Dickson said that improving the outcomes for this population will be costly but not as costly as doing nothing. 

“Recidivism reduction, which is traditionally what we think of as reentry, means that you do something that breaks that cycle of people committing new crimes and getting incarcerated again. Recidivism reduction is improvement in public safety—it’s harm reduction. Of course, this word now also has the focus of dealing with the social determinants of health …

We as taxpayers pay for it—$40,000 a year to keep a person incarcerated. We pay for— $120,000 every time there’s a recidivism event. We pay for caring for other people’s kids when they could work and would love to do that and pay for their own kids—we pay for that. And we pay for that every day we turn on the television and hear about crime and violence, we pay for more policing and more courts. And we pay for it in our fear that we have of the people that live around us.”

— Victor Dickson

The transformation collaborative will be informed by the justice-involved population to design, implement, and operate the HRSN system.

Deanne Benos, co-Founder of Women’s Justice Institute (WJI), a policy think tank, said her team, 70% of whom are formerly incarcerated women, consult and advocate on behalf of criminal justice reform at the local, state, and national levels. WJI’s work led to the passage of House Bill 3414, reforms to criminal sentencing for minors, particularly for young girls and women.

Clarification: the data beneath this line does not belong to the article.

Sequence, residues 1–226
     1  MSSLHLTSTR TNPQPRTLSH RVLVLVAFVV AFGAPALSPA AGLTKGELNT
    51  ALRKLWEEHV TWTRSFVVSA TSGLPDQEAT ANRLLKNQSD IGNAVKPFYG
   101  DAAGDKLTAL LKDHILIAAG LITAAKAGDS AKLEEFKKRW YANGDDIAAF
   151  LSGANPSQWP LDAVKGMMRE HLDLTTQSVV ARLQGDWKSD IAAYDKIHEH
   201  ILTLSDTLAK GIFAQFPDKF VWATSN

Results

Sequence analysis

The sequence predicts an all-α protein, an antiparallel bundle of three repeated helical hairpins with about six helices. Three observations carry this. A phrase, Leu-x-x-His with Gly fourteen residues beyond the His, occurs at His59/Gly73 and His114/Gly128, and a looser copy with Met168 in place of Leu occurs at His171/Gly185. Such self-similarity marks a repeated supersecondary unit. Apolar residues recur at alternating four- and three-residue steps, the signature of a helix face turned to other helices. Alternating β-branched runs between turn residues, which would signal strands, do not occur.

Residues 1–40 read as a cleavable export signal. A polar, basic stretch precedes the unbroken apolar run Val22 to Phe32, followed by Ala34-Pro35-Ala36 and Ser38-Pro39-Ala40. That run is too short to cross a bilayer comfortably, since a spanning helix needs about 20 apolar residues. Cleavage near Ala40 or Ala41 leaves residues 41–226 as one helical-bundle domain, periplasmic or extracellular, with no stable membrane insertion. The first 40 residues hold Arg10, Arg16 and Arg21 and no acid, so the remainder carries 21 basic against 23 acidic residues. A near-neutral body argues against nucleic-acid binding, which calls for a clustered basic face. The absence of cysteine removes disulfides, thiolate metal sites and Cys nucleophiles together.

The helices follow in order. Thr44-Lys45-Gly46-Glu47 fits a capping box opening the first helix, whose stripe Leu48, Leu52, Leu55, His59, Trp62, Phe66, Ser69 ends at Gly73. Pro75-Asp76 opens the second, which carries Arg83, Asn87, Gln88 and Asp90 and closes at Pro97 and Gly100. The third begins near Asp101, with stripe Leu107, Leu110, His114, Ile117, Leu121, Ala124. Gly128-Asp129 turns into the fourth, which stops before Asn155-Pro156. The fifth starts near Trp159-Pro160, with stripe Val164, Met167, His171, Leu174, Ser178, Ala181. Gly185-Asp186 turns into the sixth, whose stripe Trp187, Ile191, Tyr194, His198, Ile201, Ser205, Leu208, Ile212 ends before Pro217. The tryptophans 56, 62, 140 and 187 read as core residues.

WJI put forth a plan in 2021 to cut the women’s incarcerated population in Illinois by half, which called on the state to improve health, well-being, and outcomes among justice-involved women, their children, families, and communities. In the same year, the Pritzker administration authorized WJI to lead a task force on developing a state plan. 

Benos’s team worked with over 600 incarcerated and formerly incarcerated women to develop the Women’s Justice Pathways Model, a proposal to cut the women’s carceral population by 50% and transform the criminal justice system—transitioning from gender-neutral and recidivism-focused policies to gender-responsive and humane policies. Federal approval of the transformation waiver will be integral to reducing the number of incarcerated women. 

“We’ve tried to change the structure and the narrative of how we look at systems as rights—rights and needs of women … Health and well-being, safe and stable housing, economic security, empowerment, supported families, and relationship safety.